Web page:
A perfect storm is brewing. Years of austerity, the degradation of public services, sluggish growth and falling wages are all contributing to increasing pressures on the poor and vulnerable in society. Drug and alcohol problems rarely sit in isolation; all too often they are tied up with an array of complex issues such as mental health, unemployment, homelessness, domestic violence and social deprivation. In the midst of all this, the drug and alcohol treatment system is under increasing strain and is facing a cocktail of different challenges. We set out six of them below. All of these will need to be tackled if the ambitions set out in the Government’s 2017 Drug Strategy are to be realised, and if we are to halt the record levels of drug-related deaths witnessed last year.
- Only 1 in 5 with an alcohol problem is able to get treatment: NDTMS 2014/15 and Estimates of Alcohol Dependence in England based on APMS 2014
- 40% of opiate users are outside treatment: NDTMS 2014/15 and Estimates of opiate and crack cocaine use prevalence: 2014/15
- 25% reduction in funding for treatment: Collective Voice analysis of local authority and prison spend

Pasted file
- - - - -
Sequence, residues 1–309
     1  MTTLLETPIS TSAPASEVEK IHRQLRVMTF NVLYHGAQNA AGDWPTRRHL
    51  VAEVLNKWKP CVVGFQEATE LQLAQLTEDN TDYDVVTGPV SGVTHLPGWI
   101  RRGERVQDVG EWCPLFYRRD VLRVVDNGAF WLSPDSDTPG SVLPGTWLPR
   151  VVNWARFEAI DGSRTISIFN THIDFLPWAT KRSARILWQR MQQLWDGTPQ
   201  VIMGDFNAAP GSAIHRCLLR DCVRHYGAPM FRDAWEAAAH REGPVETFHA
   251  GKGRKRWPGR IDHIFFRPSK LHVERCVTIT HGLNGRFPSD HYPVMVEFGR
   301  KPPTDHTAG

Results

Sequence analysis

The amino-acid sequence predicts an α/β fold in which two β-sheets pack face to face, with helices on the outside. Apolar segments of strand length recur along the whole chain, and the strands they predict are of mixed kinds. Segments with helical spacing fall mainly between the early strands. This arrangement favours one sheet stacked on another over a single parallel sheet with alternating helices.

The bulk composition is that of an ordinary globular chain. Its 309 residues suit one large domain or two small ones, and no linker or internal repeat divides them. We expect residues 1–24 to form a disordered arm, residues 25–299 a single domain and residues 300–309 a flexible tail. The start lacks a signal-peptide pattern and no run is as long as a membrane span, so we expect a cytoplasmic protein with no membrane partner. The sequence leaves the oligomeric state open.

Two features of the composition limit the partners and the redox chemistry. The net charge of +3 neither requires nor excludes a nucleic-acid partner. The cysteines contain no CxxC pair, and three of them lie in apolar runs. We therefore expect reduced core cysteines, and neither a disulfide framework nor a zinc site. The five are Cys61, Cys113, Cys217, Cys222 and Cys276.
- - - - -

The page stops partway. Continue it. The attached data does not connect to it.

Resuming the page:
- 2/3 of prisoners needing treatment on release don’t get it: Public Health England
- Street homelessness has more than doubled since 2010: Rough sleeping in England: autumn 2017
- Emerging signs of drug-related crime increasing again: Crime in England and Wales: year ending September 2017
Read our submission The Advisory Council on the Misuse of Drugs (ACMD) has issued a call for evidence around drug use in ethnic minority groups.
National Audit Office report highlights need to build upon the Drug Strategy and develop a long term, funded plan for full delivery.
Read the report “The government will only achieve value for money if it builds on the initial momentum of the new strategy and develops a